The Bimblebox Art Project:
The Bimblebox Art Project is the brainchild of artist Jill Sampson. Begun April 2012, Jill has worked across the project throughout this past decade and continues, with Bimblebox 153 Birds, into the future. The Bimblebox Art Project is now a ten year story of fossil fuel, a nature refuge and a planet in climate emergency.
The projects purpose is to creatively engage with and document the Bimblebox Nature Refuge, a protected environment that is NOT protected from and is subsequently threatened by coal mining. The first step was to develop artist camps on the nature refuge bringing artists, writers, photographers and other creatives into a direct, on site experience of place. From the earliest, exhibitions were envisaged and began to be developed.
The Bimblebox Art Project aims to engage, educate and engender people’s connection with Bimblebox; to take the Bimblebox Nature Refuge beyond the fence-line and bring an experience of it to people throughout Australia; to build an understanding of the value of natural environments like Bimblebox; to engage in conversations around climate change, coal mining, biodiversity and what value we place on water, land and the environment.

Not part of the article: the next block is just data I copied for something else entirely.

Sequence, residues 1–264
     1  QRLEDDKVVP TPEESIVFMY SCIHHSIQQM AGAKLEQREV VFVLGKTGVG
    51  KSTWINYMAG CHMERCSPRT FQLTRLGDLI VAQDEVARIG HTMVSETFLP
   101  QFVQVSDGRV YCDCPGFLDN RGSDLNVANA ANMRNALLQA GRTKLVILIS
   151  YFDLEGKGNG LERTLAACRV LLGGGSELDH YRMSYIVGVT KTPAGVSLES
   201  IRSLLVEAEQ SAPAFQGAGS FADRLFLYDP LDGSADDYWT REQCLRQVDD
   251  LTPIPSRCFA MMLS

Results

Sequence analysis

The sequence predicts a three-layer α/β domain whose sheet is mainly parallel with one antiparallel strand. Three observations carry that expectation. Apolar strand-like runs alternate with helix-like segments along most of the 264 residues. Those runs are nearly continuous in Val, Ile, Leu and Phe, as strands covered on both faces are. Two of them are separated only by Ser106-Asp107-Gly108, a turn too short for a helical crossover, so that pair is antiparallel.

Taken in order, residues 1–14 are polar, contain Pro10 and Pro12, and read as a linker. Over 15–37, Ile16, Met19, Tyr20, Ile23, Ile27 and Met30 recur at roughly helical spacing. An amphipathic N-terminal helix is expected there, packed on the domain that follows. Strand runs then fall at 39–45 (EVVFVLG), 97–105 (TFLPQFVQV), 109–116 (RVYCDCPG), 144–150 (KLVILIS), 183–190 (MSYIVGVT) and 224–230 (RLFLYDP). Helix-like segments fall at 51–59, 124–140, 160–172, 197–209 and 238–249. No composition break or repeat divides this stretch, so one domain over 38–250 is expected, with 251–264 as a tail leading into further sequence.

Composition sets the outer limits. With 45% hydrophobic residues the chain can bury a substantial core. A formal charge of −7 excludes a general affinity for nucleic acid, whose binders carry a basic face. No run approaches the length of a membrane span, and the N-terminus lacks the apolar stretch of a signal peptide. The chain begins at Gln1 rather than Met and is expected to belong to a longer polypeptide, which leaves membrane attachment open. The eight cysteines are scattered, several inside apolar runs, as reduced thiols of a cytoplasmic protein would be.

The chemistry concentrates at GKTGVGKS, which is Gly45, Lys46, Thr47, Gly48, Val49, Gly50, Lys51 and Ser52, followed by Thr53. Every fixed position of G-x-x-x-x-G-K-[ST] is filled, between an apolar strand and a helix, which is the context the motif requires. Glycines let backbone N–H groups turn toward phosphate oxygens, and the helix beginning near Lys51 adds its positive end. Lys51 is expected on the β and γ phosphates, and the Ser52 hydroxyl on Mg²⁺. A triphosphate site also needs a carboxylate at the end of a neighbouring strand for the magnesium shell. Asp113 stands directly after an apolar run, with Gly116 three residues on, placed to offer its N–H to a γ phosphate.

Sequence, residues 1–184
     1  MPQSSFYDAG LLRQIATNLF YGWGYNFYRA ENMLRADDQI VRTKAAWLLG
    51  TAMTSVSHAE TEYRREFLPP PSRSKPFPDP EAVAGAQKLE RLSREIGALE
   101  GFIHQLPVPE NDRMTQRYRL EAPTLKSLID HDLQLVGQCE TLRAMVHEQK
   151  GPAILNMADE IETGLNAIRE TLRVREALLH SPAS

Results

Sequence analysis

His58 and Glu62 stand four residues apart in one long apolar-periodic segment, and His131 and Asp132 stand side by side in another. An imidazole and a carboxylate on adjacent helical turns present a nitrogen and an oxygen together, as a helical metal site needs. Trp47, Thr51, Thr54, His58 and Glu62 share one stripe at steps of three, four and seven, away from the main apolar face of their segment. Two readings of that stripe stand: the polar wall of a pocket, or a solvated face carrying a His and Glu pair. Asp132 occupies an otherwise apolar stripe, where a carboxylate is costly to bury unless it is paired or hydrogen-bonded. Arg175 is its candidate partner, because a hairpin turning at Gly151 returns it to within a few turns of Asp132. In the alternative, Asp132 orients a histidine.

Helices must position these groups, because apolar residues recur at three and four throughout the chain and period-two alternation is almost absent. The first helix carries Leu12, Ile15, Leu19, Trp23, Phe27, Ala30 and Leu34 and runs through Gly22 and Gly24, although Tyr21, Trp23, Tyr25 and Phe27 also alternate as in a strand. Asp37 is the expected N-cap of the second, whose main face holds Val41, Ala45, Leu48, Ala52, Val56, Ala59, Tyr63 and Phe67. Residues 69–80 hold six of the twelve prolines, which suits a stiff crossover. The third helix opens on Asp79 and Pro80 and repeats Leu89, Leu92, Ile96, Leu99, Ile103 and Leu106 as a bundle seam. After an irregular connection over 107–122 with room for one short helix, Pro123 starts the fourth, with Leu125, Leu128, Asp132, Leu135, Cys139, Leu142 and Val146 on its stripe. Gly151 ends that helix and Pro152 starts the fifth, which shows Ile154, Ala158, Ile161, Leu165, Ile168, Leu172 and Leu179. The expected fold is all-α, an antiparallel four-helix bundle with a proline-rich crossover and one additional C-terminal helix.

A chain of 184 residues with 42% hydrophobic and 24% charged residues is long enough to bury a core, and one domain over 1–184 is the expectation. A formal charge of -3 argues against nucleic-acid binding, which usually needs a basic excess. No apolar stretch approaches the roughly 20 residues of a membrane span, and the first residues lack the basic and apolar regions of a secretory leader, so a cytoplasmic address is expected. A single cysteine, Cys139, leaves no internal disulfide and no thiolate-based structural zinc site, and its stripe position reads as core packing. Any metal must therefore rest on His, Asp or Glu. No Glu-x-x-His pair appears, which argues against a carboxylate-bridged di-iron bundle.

Art, science, nature camps, touring exhibitions, writing, music, various events, artist books, education kits, creative activities for children, panel discussions, a printed exhibition catalogue, media exposure, a digital catalogue app and academic research have been some of the outcomes.
Through the Bimblebox Art Project a large body of cultural material, creative responses and artworks that have extended beyond the fence-line of the Nature Refuge have been facilitated and produced. The Bimblebox Art Project has brought a remote vibrant wildlife refuge alive for audiences. It has touched the lives of people across Australia and, via participation and digital media, the world.